2 shark species in Seychelles keep peace by social distancing, study finds
The sicklefin lemon shark and the blacktip reef shark peacefully coexist in the shallow lagoon of the Seychelles’ remote St Joseph Atoll by giving each other space, a new study found.
In a communique last week, the Save Our Seas Foundation said that although both species use the whole atoll overall, small differences in where they are and when actually mean that blacktips and lemons are in the same place only about 25 percent of the time.
The chief executive of the Foundation at the D’Arros research centre, James Lea, said that “what is exciting about this research is that it shows us how these species have adapted to exist together in a really confined space, essentially through social distancing, without outcompeting each other. It is a powerful example of how animals carve out specific niches, enabling them to function together within an ecosystem.”
The research was made possible by the Foundation’s network of 88 acoustic receivers placed around the atoll. The array is significant as it is the only one of its size and kind in the Amirantes.
The Foundation said that even on the sand flats, where the sharks come at high tide to forage for food and find safety from larger predators, their overlap is only about 35 percent.
“Similar behaviour has been seen in animals that share space on land: lions, leopards, cheetahs and African wild dogs are all predators that hunt in the same areas. They have developed various methods of minimising competition with one another, the most significant of which is to use the same habitat at different times of day,” it added.
Lea said that the study highlights the importance of St Joseph Atoll as a critically important habitat for blacktip and lemon sharks, and also raises concerns about climate change.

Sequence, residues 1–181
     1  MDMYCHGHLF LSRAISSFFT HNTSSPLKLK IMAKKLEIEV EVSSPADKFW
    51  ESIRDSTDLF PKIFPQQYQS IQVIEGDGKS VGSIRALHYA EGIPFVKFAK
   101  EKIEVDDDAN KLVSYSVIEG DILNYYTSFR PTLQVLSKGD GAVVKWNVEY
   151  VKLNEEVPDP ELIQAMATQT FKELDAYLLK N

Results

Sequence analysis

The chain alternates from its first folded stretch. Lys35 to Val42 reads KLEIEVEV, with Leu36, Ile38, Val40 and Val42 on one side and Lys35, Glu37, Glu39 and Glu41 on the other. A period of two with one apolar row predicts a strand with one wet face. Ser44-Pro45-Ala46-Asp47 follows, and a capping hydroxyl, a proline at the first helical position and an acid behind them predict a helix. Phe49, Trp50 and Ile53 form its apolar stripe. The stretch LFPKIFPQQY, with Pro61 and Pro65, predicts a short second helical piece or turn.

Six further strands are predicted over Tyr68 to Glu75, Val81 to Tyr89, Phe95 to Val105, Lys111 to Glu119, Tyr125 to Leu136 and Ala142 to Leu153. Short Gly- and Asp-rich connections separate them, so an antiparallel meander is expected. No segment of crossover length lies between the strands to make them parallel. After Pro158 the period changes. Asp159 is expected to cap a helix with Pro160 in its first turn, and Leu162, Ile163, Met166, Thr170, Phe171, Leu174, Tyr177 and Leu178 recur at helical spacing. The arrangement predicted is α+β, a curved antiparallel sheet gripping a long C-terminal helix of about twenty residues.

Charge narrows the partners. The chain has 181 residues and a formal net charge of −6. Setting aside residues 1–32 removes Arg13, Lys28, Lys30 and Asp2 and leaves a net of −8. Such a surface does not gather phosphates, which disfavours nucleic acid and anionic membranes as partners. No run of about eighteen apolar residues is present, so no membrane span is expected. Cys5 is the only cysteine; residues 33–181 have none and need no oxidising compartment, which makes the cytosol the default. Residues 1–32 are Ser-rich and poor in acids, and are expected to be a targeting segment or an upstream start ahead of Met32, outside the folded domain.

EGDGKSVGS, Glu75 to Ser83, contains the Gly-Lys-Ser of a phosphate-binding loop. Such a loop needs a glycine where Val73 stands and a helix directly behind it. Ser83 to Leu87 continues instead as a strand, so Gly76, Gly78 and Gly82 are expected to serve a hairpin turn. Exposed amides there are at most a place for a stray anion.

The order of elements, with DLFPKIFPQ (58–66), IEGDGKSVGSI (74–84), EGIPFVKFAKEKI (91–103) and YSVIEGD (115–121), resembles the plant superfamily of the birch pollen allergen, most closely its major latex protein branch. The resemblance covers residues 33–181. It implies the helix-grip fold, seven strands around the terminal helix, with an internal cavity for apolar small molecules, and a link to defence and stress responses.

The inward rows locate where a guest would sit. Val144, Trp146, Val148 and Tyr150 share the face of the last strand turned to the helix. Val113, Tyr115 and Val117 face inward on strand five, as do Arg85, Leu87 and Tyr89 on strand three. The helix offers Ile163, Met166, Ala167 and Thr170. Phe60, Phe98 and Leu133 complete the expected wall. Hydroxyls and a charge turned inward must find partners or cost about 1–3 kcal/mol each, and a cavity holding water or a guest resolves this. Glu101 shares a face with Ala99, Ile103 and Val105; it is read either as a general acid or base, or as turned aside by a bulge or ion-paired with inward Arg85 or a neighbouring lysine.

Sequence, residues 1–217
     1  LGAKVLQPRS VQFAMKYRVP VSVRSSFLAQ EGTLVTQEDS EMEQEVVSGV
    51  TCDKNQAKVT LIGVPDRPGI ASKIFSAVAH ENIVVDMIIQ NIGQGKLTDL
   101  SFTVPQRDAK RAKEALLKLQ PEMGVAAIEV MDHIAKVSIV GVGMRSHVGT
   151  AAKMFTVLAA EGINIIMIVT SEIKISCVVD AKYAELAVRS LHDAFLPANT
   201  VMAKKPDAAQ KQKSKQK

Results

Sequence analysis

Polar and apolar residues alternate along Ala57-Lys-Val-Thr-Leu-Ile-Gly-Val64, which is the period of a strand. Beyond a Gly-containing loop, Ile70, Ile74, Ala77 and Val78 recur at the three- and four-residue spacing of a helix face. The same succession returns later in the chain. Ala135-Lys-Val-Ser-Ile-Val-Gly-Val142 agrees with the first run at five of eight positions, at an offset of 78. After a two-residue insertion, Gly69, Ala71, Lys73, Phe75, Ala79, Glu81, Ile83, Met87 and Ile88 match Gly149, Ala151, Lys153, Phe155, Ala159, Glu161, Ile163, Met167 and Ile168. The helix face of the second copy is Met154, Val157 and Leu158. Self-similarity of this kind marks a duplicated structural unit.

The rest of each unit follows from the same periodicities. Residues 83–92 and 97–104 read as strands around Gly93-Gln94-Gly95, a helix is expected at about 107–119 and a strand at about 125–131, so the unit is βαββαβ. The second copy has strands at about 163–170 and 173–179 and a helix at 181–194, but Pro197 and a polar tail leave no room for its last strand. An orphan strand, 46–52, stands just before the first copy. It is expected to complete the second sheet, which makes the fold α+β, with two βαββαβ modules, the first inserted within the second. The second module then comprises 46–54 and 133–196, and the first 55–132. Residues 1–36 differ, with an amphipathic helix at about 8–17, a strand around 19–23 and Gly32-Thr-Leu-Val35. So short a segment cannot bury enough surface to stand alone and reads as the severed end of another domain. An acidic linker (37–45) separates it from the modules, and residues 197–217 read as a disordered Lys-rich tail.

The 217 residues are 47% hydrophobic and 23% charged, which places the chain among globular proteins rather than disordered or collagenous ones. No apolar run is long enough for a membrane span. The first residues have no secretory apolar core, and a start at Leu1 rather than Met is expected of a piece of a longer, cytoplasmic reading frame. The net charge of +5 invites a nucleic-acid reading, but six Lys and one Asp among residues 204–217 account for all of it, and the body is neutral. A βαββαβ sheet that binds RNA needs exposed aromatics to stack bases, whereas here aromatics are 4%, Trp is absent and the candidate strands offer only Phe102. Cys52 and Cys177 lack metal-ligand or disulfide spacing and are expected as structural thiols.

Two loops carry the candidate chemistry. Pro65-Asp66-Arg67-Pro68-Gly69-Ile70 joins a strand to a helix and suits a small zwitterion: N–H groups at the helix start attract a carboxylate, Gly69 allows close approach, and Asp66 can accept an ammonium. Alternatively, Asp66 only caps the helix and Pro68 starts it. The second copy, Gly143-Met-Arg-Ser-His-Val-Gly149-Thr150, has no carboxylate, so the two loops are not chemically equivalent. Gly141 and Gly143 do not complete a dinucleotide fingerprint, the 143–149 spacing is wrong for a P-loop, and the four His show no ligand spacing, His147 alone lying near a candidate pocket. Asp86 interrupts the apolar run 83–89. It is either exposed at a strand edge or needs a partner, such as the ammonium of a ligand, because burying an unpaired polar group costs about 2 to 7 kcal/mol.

“Over thousands of years, these animals have found ways to exist together under present environmental conditions. Given the narrow tidal range at St Joseph, we have to ask ourselves what would happen if a small increase in sea level made the sand flats habitat available at all tides. How would this affect the finely tuned ecological balance of the animals that have learned to thrive here?,” he added.
St Joseph is part of the D’Arros group of islands in the outer islands of the Seychelles archipelago in the western Indian Ocean. The group became an officially protected nature reserve under the Nature Parks and Conservancy Act in July 2014. In March 2020, the ecological value of the atoll was recognised by the Seychelles’ government, which declared it as a Marine Protected Area within the nation’s larger Marine Spatial Plan Initiative.
The ecology of the atoll is largely sculpted by the rising and falling of the tides. This is particularly true for adult sharks, which swim onto the sandy flats as they become flooded at high tide in order to hunt and seek shelter. The sharks then return to the deeper waters of the lagoon when the tide retreats.
The work of the D’Arros Research Centre is part of the Save Our Seas Foundation’s bigger mission to safeguard sharks and rays around the world through research and communication.
Abdulmohsen Abdulmalik Al-Sheikh, the founder of the Save Our Seas, said, “Seychelles has been at the core of the foundation from the beginning, and our strong history of supporting marine and education projects here aims to help protect the natural heritage of the islands for generations of Seychellois to come.”
So far, the Foundation has initiated 28 research projects on D’Arros, focusing mainly on threatened species.